But one other thing is to talk about logistics. These kind of regimens are very different because of how the immunotherapy is dosed. So when we use atezolizumab with nab-paclitaxel, that aligns very nicely with a 28-day cycle. Atezolizumab on day 1 and 15, nab-paclitaxel on day 1, 8, and 15. An off day at 22 that flows really nicely. Pembrolizumab, when you combine it with carbo and gemcitabine, that aligns really nicely with the 21-day cycle. Again, pembrolizumab on day 1, carbo, gem, day 1 and 8 and off day of 15.

The regimen that gets a little funky, for lack of a better word, is when you try to combine pembrolizumab with the taxane, because the taxanes kind of line up on a 28-day cycle, days 1, 8, and 15. And pembrolizumab is a 21-day cycle. So that could become a little bit cumbersome to navigate those waters and get those doses the right days. So you can just, from a logistical perspective, I think there's some differences there. And the challenge really is, how do we kind of get this nice balance of finding the treatment regimen that's compatible with the patient's lifestyle, the monitoring frequency, and just your clinical operations to make sure all those things align?

And we do want to have some flexibility. I think that's one of the great gifts in modern oncology, is we have all these good choices, but both are really important. You also want to have some consistency. So anyway, that's a really long-winded answer to side effects. I don't think there's much difference, in terms of side effects.

RUTH O'REGAN: I think your point is very important. Because this is all about the patient, of course. Because we've got metastatic triple negative breast cancer. So I think making it as painless as possible for them to come in, as far as their scheduling, I think, obviously, is very important.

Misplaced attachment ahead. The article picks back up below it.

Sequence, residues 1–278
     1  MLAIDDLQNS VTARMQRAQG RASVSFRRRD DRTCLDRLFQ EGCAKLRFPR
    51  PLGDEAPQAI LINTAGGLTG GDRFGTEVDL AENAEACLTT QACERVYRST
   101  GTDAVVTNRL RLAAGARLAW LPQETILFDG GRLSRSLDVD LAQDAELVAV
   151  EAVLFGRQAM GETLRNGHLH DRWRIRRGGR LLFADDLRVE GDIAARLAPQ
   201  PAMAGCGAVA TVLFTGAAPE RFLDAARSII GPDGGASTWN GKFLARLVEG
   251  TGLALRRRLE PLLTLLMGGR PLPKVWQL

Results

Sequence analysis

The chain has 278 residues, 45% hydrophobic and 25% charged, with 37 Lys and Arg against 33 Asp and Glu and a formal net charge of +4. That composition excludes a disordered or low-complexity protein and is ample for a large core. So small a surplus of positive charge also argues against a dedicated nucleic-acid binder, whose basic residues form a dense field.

Now, I think one of the issues with the immunotherapy is that I don't think we got great biomarkers. So we use PD-L1, but really, it's imperfect. And as we kind of alluded to earlier in the IMPASSION study, they used PD-L1 on the immune cells as a marker, and about 40% of the cancers in that study were determined to be positive. And that's where the benefit was seen.

In contrast, in the KEYNOTE study, they used what I think a lot of, outside the breast cancer world, is being used a lot, is this CPS, or Combined Positive Score, that basically looks at the PD-L1 positive tumor cells and immune cells and basically looks at them compared to the overall number of tumor cells. So at this point, we're kind of in a situation where we have to kind of check for both.

The interesting thing that's been shown is that there's not complete overlap. It's only about 75%. So it is possible that you could have a cancer that was PD-L1 positive by one of the assays, but not by the other. And I guess that might help us decide which agent to use, although I've never seen that myself in my practice. But I don't know what your experience with that is. It would be nice to have a better biomarker, I think.

JACOB KETTLE: Yeah, I'm glad you brought that up. Because I would be in the same boat. I haven't seen a case, but obviously it's possible to have some discordance. And we're looking at PD-L1 expression, whether you're looking at the tumor, or you're looking at expression in a combined positive score, regardless of the assay, it's on a scale. It's not a yes or no question. And little, subtle differences can be the make or break between determining whether someone's PD-L1 positive.

I've heard-- and I don't want to comment too much-- but there could be discordance whether you're testing archived tissue, whether you're testing metastatic tissue, maybe some differences between what site the metastatic disease was found in. Did you find it in the liver? Did you do the biopsy from the lymph node? Again, that all speaks, it goes back to the imperfection of PD-L1 as a biomarker. It's just kind of this dynamically unstable marker that's not as predictable and not as viable as some of the other biomarkers we use. And we want to take advantage of it as much as we can, and find as many unique treatment options for patients, but also don't want to leave-- we don't want to leave anything on the table.